Asthma- Part 3
This is the third of four articles I am doing in the Examiner on Asthma.
Preventer inhalers are slower acting inhalers that reduce inflammation in the airways and prevent asthma attacks occurring. The preventer inhaler must be used daily for some time before full benefit is achieved. The preventer inhaler usually contains a medicine called an inhaled corticosteroid. Examples of preventer medicines include beclometasone (Becotide®, Beclazone®), budesonide (Pulmicort®) and fluticasone (Flixotide®). Preventer inhalers are often brown, red or orange. The dose of inhaler will be increased gradually until symptoms ease. For example, a patient may start on a beclamethasone 100mcg inhaler and may be put on a beclamethasone 250mcg inhaler if there is not sufficient improvement in symptoms. Preventer treatment is normally recommended if have asthma symptoms more than twice a week, wake up once a week due to asthma symptoms or have to use a reliever inhaler more than twice a week.
Regular inhaled corticosteroids have been shown to reduce asthma symptoms. Most patients require a dose of less than 400mcg per day to achieve maximum or near maximum benefit. Side effects are minimal at this dose. The main side effect of preventer inhalers is a fungal infection of the mouth or throat so it is important to rinse the mouth with water after inhaling a dose. You may also develop a hoarse voice. Using a spacer can help prevent these side effects. I will discuss spacer devices next week.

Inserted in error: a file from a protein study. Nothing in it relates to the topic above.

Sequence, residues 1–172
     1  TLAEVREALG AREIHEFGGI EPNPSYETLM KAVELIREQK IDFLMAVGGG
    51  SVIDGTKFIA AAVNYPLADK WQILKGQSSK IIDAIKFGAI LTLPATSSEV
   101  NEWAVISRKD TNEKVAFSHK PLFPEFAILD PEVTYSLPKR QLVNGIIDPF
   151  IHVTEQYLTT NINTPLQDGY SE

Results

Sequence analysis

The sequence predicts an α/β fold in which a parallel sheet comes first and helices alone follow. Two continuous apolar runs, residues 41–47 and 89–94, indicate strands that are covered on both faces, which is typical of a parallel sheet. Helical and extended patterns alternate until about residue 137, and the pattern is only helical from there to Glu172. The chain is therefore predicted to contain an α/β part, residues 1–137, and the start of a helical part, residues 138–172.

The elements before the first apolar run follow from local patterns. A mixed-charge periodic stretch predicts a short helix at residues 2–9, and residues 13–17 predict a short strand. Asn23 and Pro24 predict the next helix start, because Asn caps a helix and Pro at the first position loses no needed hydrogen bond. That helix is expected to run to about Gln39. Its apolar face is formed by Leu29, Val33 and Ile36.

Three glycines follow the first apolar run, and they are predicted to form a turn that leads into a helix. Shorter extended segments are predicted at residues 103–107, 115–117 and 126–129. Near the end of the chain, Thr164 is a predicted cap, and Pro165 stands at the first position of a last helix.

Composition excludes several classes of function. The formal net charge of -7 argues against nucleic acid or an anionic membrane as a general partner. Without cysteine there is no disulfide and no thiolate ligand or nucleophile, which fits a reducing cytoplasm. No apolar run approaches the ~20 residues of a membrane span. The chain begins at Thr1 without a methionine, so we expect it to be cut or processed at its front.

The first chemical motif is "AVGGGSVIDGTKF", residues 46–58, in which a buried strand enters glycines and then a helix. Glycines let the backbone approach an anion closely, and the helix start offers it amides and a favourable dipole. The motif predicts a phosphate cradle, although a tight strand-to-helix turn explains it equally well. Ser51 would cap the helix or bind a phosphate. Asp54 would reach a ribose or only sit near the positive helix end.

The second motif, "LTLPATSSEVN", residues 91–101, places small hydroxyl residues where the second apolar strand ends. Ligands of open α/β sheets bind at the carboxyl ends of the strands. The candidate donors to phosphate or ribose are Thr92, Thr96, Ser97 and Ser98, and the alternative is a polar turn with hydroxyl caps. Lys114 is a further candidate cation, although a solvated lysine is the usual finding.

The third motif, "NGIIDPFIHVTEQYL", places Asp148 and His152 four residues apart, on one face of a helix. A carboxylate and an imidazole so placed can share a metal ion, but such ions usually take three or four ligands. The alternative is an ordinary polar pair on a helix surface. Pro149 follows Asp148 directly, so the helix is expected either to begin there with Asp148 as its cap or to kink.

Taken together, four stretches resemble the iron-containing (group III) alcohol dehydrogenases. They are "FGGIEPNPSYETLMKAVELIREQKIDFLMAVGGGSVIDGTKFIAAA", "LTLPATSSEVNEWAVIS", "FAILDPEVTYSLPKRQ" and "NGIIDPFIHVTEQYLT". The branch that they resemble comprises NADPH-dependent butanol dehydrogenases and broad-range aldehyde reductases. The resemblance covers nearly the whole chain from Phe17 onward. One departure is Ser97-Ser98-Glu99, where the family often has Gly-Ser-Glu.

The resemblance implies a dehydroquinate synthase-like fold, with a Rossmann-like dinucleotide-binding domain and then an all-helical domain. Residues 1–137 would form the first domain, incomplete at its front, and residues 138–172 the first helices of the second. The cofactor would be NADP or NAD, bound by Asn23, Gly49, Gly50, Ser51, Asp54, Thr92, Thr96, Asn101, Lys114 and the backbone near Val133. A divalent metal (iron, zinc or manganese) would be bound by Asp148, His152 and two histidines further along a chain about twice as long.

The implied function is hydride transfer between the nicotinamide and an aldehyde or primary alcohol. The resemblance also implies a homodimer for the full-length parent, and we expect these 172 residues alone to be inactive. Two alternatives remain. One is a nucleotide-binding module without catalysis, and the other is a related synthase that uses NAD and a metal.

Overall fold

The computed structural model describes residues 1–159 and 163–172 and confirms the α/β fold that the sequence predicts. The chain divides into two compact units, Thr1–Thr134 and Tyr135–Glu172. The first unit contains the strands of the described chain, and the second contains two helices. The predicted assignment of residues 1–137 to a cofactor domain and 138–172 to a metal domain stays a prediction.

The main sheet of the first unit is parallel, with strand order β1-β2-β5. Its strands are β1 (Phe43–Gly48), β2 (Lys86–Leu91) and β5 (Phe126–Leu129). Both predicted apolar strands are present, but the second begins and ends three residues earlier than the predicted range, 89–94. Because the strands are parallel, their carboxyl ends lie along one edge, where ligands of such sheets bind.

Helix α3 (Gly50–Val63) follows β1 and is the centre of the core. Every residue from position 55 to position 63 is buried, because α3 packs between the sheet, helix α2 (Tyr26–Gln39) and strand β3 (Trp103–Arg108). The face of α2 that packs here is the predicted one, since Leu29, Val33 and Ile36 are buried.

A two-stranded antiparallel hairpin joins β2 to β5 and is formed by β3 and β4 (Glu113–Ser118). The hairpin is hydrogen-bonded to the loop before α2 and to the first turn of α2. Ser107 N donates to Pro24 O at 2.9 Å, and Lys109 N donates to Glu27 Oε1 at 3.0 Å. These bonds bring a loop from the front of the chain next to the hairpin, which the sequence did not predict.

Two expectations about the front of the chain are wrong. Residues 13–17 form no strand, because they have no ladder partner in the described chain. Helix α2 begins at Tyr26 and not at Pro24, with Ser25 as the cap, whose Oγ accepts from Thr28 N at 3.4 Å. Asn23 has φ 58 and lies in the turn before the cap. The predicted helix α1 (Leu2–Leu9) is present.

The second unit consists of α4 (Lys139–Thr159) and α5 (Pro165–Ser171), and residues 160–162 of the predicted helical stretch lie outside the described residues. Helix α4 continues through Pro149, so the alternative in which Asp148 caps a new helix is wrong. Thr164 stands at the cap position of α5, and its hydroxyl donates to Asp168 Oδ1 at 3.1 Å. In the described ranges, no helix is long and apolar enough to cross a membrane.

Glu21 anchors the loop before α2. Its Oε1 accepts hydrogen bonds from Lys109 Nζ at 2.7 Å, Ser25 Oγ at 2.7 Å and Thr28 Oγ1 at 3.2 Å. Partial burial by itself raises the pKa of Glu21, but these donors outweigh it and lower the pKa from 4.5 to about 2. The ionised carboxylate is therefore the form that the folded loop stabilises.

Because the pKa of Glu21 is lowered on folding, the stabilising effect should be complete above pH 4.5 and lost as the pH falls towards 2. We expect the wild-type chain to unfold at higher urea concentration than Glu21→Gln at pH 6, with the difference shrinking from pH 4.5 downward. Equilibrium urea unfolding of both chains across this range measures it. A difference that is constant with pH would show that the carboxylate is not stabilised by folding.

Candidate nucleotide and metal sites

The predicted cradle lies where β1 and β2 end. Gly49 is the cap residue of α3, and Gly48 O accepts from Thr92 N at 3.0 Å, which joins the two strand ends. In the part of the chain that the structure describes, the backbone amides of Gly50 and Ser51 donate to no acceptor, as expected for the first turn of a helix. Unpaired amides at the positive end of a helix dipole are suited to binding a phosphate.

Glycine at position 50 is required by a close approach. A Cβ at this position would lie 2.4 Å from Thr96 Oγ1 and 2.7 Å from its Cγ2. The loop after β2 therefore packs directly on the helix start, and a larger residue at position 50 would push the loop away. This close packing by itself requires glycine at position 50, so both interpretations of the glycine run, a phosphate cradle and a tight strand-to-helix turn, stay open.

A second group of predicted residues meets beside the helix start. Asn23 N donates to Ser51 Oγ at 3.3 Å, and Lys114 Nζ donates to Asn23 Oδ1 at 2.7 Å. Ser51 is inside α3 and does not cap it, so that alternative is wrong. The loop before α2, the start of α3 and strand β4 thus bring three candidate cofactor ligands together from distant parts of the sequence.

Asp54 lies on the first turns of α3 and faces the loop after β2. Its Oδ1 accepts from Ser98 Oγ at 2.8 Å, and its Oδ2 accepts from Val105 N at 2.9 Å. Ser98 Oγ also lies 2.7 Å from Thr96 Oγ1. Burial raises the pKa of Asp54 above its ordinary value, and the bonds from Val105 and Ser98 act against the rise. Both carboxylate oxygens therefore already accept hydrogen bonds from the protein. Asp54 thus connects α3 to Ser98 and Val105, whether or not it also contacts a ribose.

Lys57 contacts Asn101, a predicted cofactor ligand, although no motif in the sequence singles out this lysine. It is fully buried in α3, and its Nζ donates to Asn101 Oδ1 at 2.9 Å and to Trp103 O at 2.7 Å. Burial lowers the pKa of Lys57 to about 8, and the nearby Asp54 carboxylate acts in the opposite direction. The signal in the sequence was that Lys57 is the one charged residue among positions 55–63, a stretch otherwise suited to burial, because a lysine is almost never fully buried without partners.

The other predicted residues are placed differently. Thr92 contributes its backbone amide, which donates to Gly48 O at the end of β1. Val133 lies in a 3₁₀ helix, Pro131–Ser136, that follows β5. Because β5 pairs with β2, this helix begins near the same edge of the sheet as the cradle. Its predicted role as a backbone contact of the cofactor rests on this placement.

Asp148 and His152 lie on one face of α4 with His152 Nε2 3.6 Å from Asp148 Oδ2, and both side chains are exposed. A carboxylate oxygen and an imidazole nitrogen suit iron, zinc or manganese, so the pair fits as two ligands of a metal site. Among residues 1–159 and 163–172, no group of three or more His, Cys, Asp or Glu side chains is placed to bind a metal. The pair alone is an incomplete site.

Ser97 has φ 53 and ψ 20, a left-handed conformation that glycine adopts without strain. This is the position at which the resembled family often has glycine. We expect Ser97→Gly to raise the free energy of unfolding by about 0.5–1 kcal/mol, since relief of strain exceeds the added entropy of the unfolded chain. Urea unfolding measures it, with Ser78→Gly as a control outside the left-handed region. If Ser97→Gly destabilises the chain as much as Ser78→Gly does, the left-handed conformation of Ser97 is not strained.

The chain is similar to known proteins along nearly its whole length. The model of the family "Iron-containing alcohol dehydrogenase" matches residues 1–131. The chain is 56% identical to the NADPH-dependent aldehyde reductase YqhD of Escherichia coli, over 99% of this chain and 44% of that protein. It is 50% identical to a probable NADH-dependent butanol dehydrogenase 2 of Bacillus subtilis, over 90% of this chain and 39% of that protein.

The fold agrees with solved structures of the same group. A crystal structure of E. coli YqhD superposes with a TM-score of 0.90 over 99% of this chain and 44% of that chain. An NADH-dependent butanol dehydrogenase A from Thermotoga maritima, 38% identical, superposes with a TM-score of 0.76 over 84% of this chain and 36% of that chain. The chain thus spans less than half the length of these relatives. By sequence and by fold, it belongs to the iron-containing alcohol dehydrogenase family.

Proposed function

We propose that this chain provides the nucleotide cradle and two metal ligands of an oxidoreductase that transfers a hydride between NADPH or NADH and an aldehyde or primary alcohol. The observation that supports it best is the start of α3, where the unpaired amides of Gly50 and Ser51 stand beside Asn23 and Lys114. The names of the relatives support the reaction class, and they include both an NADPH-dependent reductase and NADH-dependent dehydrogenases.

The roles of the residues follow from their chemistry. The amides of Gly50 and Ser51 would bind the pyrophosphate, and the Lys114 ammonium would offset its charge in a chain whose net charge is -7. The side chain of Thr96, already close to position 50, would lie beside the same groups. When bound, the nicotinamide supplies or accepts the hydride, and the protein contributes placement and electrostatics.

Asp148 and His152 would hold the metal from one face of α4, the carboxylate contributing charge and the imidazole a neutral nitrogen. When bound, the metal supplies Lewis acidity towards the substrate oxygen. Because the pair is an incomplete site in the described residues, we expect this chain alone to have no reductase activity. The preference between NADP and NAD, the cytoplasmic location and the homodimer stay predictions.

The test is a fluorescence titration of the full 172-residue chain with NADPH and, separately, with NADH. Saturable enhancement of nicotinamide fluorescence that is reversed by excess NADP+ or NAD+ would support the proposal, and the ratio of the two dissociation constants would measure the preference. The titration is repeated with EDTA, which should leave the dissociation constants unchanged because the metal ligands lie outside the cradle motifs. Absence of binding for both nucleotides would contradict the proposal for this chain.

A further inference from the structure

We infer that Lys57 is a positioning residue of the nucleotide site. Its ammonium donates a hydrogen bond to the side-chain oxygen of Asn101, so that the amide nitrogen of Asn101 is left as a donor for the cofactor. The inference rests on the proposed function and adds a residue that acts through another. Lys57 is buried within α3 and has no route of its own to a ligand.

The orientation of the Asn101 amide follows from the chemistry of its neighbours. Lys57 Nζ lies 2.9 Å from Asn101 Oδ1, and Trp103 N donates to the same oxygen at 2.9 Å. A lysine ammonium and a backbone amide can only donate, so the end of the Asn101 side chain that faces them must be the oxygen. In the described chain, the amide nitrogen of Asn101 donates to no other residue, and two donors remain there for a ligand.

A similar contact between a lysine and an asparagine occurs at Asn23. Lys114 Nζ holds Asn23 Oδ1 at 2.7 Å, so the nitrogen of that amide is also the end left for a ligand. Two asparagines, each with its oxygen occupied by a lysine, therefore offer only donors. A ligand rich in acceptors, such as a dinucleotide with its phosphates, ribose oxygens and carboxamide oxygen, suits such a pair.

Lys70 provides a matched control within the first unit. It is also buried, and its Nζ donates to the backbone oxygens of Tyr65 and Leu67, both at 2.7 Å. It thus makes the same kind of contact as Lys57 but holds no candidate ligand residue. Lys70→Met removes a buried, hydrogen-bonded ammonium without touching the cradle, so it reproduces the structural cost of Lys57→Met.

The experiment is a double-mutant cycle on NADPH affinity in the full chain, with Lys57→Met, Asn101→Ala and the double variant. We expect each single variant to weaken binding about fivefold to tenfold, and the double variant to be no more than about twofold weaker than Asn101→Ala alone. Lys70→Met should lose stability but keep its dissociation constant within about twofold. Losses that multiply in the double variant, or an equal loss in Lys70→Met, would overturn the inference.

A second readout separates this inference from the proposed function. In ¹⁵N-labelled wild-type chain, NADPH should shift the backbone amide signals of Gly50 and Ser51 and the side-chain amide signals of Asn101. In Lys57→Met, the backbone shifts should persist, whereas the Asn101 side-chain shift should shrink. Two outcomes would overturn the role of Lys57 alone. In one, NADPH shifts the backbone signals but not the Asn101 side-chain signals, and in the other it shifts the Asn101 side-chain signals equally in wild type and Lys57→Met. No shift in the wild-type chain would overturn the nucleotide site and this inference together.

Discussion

Long-acting reliever inhaler
If reliever and preventer inhalers are not providing sufficient symptom relief, a long-acting reliever (long-acting bronchodilator/long acting beta2-agonist) may be tried. Inhalers combining an inhaled steroid and a long-acting bronchodilator (combination inhaler) are more commonly prescribed than long acting beta 2-agonists on their own. These work in the same way as short-acting relievers, but they take longer to work and can last up to 12 hours. Examples of combination inhalers containing long acting beta 2-agonist and steroids include Seretide® and Symbicort®. They can be very effective in patients who didn’t respond to preventer inhalers on their own.
If treatment of your asthma is still not successful, additional preventer medicines will be tried. Two possible alternatives include leukotriene receptor antagonist tablets and theophylline tablets. Leukotriene receptor antagonist tablets block part of the chemical reaction involved in inflammation. Montelukast (Singulair®) is the name of the drug and the brand name is. Leukotriene receptor agonists do not usually cause side effects, although there have been reports of stomach upsets, feeling thirsty and headache. Theophylline tablets help widen the airways by relaxing the muscles around them. Theophylline has been known to cause side effects in some people, including headaches, nausea, insomnia, vomiting, irritability and stomach upsets. These can usually be avoided by adjusting the dose.
If asthma is still not under control, regular oral steroids (steroid tablets) may be prescribed. This treatment is usually monitored by a respiratory specialist. Long-term use of oral steroids has possible serious side effects, so they are only used for short term periods once other treatment options have been tried.
To be continued...
Disclaimer: Please ensure you consult with your healthcare professional before making any changes recommended